Entrepreneurs must make many critical decisions during the long process of transforming an innovative idea into a profitable global company. Perhaps no decision is more important than choosing the right board of directors.
The right board members offer an outside perspective on—and often personal experience with—execution and growth issues, strategic direction and key hiring decisions. Your board should not only offer strategic guidance and vision, but also be willing to make introductions to potential hires, partners, customers and investors. As an entrepreneur, you need involved and supportive board members you can lean on during the first years when you don’t have full management teams in place, but also board members who have the expertise to guide the company in later stages through growth, partnerships, acquisitions and potential exits.
Some of the key issues board directors should be involved in include: selecting the right management team; compensation and how it’s linked to actual performance; the right strategy at every stage; and monitoring company health, strategic planning, setting key objectives, performance and risk.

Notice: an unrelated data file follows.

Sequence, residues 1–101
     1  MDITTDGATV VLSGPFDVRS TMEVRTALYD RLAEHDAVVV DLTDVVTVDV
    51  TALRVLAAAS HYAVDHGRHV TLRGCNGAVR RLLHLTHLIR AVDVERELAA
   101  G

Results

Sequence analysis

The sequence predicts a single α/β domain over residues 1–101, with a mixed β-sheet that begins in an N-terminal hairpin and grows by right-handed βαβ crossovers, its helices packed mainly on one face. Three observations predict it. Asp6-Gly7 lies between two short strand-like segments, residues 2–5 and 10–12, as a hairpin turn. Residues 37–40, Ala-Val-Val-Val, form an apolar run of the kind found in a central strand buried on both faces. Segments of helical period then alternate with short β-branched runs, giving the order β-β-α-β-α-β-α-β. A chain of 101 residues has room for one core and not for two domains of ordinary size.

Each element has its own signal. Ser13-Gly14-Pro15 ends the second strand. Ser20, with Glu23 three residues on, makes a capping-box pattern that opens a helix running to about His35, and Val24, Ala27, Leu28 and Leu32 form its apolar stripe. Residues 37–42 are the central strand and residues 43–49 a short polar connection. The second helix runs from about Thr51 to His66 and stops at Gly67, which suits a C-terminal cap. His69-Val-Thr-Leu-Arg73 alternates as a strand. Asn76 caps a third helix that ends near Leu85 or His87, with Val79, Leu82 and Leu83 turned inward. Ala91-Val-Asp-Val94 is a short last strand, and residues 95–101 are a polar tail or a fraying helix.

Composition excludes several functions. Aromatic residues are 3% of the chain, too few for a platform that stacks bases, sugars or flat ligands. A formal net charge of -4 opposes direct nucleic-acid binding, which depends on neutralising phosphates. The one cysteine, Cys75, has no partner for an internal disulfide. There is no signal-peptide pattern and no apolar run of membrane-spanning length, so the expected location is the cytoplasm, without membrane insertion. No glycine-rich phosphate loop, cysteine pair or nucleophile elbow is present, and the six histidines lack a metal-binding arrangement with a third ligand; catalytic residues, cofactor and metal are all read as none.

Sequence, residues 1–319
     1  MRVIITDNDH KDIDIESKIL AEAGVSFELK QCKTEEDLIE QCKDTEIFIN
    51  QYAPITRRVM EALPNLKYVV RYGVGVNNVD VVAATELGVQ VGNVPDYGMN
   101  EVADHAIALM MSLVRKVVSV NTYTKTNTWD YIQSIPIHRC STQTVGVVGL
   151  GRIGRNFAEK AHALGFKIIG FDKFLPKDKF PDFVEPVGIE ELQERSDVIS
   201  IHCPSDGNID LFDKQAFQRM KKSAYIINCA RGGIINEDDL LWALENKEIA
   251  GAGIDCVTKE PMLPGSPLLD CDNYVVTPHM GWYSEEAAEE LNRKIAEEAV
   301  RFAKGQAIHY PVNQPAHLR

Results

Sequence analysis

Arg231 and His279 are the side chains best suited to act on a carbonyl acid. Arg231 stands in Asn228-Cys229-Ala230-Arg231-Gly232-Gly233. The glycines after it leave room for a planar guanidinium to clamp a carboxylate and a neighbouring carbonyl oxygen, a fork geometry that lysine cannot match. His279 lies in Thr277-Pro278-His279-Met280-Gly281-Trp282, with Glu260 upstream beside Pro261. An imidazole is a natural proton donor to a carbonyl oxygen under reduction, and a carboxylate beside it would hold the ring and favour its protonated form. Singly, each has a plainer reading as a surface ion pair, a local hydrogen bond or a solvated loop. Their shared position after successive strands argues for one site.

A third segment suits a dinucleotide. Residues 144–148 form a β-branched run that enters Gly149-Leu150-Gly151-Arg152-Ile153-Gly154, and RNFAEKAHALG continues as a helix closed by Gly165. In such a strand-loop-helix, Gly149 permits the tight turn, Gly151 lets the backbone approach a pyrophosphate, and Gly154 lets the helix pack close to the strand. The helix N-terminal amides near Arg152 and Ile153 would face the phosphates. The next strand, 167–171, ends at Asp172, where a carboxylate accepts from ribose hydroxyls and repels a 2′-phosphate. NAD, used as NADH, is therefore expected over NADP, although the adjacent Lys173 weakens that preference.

When setting out to build a board, the first step is to make a list of the types of needed expertise. Of course, you want executives who know your business inside and out and who have built companies in the space from the ground up. You also want connected partners who will introduce you to key players. But you may also need access to very specialized expertise that only a few people possess. Work directly with your venture investors to get the right people around the table.
Secondly, make sure you get the right types of board members. Two main types exist. The High-Maintenance Board Member wants to get involved in every aspect of your day-to-day business. Avoid these people because they will waste the CEO’s precious time and will distract management from executing on important goals. You don’t need the organizational confusion of board members who act like part of the everyday executive team.
The second type of board member is the Value-Add Board Member – and these are the folks you want. These people bring focused expertise to the table and jump in when asked for advice or when they believe they can add real value, but they leave the day-to-day operations to the CEO and his or her management team.
How do you tell the difference between the two types of board members? That’s one place your venture investors can help—because they likely know your prospective directors personally or have at least run across them in their network.